Actress Ashley Dyke is best known for her roles as Anna in Steve McQueen's Academy Award winning film "12 Years A Slave", and as Stacey in John Krasinski's "The Hollars". Ashley was raised in Fairfax, Virginia. She is the daughter of two lawyers, Ellen Dyke and the Honorable James W. Dyke, Jr., the first African-American Secretary of Education for the Commonwealth of Virginia and immediate past Chairman of the Greater Washington Board of Trade. Her mother is Jewish of Hungarian and Polish decent and was born and raised in New York City. Her father is an African-American Christian and was raised in Maryland and Virginia. They met at Howard University School of Law from which they received their law degrees. Ashley is the third of four children
She went to Fairfax High School where she was highly involved in student government and was an All American Athlete. She went on to get her degree in theater from the prestigious University of Virginia, and also studied at the celebrated New York University Tisch School of the Arts, where she acquired her first taste of television as a series regular on a campus produced show called "Stratagem." She also performed in several productions while in college including a lead role in "The Vagina Monologues".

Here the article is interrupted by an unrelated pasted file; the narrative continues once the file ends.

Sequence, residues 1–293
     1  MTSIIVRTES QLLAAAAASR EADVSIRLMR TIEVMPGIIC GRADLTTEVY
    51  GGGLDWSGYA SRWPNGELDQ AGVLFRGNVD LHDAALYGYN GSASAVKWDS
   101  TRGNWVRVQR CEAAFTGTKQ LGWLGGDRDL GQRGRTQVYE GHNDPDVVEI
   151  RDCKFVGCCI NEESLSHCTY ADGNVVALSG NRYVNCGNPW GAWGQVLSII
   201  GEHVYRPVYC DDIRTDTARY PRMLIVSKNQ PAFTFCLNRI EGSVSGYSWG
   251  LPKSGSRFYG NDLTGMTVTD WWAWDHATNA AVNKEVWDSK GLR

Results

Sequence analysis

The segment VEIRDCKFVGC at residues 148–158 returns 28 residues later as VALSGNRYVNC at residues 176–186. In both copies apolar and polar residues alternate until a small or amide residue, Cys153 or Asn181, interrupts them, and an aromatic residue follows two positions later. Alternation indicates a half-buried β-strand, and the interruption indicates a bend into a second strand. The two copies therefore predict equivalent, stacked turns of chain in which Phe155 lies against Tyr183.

Ashley moved to Los Angeles to further her career in film and television and hasn't looked back since. She continues to work in theater landing lead roles at theaters including, Second City, Acme Theater, and La Mirada Theater For the Performing Arts. Building a solid career in Hollywood in both comedy and drama. Ashley most recently guest starred on Robin Williams show on CBS "The Crazy Ones", the series finale of Stephen Merchant's HBO show "Hello Ladies", CBS's season finale of "CSI: NY," NBC's "The Cape", and the CW's "90210."
Ashley has successfully portrayed a wide range of characters, a young tormented slave in "12 Years A Slave", the wildly outrageous Gigi in "Bud'z House", a young girl struggling in a half-way house in the thriller "New Hope Manor"; on stage, as a young woman surviving a concentration camp in "I Never Saw Another Butterfly.", and as a young black woman living in the segregated 1940"s Ohio, in the theater production of Toni Morrison's, "The Bluest Eye".